McLaren has expanded its Super Series product family with the introduction of a second new model under the “Track25” business plan - the new 720S Spider.
Weighing 49 kg over the 720S Coupe, the 720S Spider features a new, electrically actuated Retractable Hard Top (RHT) which is seamlessly integrated into the design.
The folding mechanism for McLaren’s new RHT, which is electrically driven rather than hydraulically, is the fastest-operating convertible roof in the supercar class, with the retractable hard top lowered or raised in just 11 seconds – six seconds quicker than the 650S Spider.
The combination of e-motors and the strength and light weight of the carbon fibre RHT enables a maximum vehicle speed during operation of 50km/h – a significant increase from the 30km/h of the 650S.
Like all McLaren cars, the new 720S Spider has a carbon fibre structure at its core, in this case the designated Monocage II-S platform.
The rearmost section of the upper structure is also unique to the Spider, to accommodate the Retractable Hard Top. Additionally, the header rail across the top of the windscreen has been revised to integrate the central latching mechanism.
Despite the removal of the fixed roof there is no additional strengthening. Even the unusually slim but incredibly strong windscreen A-pillars first seen on the 720S Coupé remain.
To accommodate the Retractable Hard Top, the Monocage II-S features a new carbon fibre upper structure engineered to sit as close as possible to the air charge coolers and intake plenum.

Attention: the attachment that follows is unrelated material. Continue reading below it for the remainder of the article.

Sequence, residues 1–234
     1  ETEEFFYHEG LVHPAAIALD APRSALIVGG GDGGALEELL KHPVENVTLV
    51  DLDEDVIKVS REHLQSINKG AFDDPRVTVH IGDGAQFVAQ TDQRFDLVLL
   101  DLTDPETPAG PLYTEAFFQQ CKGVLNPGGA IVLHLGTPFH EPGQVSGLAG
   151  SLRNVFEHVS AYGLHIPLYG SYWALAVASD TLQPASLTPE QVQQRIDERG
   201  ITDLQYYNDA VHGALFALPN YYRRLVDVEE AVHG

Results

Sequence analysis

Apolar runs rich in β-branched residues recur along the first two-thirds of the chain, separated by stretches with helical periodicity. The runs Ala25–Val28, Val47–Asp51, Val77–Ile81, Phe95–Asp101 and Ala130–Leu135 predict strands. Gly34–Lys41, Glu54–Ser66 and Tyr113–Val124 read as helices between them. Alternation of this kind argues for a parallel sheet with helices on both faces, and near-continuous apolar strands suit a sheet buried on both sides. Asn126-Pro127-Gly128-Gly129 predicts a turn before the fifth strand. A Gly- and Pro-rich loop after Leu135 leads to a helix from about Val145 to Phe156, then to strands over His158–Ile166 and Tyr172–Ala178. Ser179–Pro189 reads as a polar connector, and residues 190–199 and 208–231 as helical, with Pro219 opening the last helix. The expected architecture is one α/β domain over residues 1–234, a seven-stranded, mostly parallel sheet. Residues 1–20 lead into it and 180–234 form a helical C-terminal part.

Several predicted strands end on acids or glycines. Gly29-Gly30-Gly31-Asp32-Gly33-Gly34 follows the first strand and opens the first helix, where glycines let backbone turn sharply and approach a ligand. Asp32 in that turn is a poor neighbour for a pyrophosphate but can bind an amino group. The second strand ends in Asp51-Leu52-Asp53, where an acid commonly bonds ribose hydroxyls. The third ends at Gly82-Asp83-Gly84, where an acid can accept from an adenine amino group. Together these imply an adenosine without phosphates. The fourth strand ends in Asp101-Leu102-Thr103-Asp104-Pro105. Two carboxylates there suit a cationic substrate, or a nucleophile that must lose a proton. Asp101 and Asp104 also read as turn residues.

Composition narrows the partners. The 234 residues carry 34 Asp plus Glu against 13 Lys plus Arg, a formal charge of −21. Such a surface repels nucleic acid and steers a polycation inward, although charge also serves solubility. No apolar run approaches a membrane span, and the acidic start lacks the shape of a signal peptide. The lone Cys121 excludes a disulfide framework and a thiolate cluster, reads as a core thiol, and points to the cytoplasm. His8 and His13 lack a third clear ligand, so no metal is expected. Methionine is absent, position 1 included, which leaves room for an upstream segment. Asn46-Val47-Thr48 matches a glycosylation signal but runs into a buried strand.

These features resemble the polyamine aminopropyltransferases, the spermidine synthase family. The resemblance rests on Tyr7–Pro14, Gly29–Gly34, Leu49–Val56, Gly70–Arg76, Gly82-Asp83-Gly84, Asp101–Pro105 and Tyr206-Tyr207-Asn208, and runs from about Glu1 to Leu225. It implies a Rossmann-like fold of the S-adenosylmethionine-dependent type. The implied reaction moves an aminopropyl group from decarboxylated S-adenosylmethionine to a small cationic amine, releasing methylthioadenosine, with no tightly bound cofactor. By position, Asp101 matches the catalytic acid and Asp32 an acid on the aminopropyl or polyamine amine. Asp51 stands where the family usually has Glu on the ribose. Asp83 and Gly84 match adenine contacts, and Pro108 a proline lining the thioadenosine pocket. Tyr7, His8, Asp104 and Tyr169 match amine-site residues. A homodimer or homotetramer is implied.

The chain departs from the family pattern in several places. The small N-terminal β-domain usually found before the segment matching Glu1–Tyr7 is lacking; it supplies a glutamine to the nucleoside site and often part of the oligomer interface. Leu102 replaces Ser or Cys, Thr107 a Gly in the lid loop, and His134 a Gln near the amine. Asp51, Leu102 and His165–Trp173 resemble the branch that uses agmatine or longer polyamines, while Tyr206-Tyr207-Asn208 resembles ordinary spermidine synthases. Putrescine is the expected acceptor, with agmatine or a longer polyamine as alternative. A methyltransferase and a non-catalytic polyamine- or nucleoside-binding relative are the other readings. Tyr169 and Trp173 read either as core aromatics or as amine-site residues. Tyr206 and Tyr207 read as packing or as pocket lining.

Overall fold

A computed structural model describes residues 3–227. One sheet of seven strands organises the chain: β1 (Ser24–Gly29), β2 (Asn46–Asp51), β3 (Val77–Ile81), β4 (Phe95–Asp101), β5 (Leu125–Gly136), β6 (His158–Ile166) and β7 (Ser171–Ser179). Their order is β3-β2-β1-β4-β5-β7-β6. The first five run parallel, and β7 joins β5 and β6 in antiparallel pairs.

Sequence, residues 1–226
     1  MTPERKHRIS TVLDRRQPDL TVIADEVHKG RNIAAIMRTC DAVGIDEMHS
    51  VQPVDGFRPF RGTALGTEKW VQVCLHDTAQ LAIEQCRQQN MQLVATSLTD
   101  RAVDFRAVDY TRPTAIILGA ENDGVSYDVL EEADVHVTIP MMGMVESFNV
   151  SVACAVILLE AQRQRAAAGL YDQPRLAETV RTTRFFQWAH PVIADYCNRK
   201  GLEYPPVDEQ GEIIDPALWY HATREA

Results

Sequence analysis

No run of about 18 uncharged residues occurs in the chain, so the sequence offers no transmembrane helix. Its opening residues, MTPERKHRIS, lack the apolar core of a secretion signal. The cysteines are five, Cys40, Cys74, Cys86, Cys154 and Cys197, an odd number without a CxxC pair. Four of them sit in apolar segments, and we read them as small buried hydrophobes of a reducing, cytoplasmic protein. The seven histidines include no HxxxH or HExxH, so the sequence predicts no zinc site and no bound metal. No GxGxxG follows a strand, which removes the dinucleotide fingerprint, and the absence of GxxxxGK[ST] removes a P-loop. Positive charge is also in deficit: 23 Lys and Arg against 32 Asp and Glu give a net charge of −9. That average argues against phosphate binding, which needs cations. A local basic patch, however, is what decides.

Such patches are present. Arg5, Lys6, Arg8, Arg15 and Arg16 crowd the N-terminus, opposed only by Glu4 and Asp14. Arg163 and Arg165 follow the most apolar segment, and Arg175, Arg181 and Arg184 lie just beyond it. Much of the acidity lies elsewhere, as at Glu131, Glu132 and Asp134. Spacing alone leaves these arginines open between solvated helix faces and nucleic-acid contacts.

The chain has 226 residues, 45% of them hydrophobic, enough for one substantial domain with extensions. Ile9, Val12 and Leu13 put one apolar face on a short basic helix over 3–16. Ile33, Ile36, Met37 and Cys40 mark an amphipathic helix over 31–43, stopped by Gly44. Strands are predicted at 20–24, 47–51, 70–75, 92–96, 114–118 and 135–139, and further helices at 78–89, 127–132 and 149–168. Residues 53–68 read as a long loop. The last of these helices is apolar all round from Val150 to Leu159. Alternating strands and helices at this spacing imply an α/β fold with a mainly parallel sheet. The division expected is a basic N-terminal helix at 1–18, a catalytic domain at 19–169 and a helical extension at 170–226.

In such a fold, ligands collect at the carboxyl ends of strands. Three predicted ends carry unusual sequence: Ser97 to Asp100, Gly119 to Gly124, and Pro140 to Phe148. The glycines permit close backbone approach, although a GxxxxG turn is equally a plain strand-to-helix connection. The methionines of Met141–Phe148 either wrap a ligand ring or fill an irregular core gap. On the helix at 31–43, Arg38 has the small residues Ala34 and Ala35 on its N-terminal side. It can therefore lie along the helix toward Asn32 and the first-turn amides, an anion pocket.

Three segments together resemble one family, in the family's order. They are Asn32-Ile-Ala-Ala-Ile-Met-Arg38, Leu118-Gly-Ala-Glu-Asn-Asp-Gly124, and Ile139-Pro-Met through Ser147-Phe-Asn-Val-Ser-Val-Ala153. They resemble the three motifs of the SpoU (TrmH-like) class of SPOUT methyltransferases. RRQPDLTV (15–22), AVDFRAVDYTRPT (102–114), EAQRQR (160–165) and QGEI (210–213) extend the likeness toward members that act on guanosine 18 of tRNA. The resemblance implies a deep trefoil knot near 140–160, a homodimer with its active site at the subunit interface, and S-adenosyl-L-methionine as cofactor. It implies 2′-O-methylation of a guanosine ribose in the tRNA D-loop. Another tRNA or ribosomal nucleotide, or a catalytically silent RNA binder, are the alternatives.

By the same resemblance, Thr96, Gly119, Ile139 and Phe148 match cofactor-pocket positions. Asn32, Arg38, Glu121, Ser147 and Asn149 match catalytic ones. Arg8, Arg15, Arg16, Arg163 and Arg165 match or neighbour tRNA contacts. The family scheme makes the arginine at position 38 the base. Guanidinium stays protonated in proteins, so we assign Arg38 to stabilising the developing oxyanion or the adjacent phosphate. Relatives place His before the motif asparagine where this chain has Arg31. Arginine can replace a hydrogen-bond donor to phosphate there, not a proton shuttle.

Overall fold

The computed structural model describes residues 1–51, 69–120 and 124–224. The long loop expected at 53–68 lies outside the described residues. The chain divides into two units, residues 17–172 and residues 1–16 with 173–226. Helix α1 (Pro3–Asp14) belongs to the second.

Powering the 720S Spider is the same mid-mounted 4.0-litre twin-turbocharged V8 engine that powers the Coupé, producing 720 PS and 770 Nm. Paired to the engine is a 7-speed SSG gearbox.
Acceleration is nothing short of phenomenal with 0-100km/h covered in 2.9 seconds and 0-200km/h achieved in just 7.9 seconds – just 0.1 seconds off the pace of the Coupé.
While the Spider is capable of clocking a top speed 341km/h with the roof raised, the maximum speed when the roof is closed stands at 325km/h.
As with the Coupé, a Spider driver can choose between three Handling modes – Comfort, Sport, or Track – each focused on a different driving experience according to personal preference and conditions.
Owners wanting to experience the open-air nature of the 720S Spider even with the roof closed can specify a carbon fibre-framed, glazed RHT option to allow even more light into the cabin.
How it works is that the glass is electrochromic and can switch rapidly between a transparent or tinted state at the touch of a button. When the ignition is off, the glass reverts to its tinted setting, helping keep the cabin of the 720S Spider cool during hot days.
The electrochromic technology has a memory function that recalls the previous setting selected when the vehicle is next started.
Inside, a centrally-mounted 8.0-inch high-resolution Central Infotainment Screen remains the primary hub for the vehicle’s functions. The interface displays audio, media, navigation, climate control and other convenience features, with all the key applications shown on a vertical carousel as well as being available via quick-access ‘hard’ keys below the screen.
The dual-zone climate control and air conditioning system has been recalibrated for the 720S Spider and is able to detect if the RHT position changes from raised to lowered or vice versa.
Last but not least, a new 10-spoke, Lightweight forged alloy wheel design has been developed for the new Spider.
The new 720S Spider is available in the same three specifications as the Coupé, with Performance and Luxury trims extending above the standard model. Two new exterior colours – Belize Blue and Aztec Gold – have been introduced for the new Spider among a palette of 23, one of which is Supernova Silver, a Heritage colour that was first available on the McLaren 12C.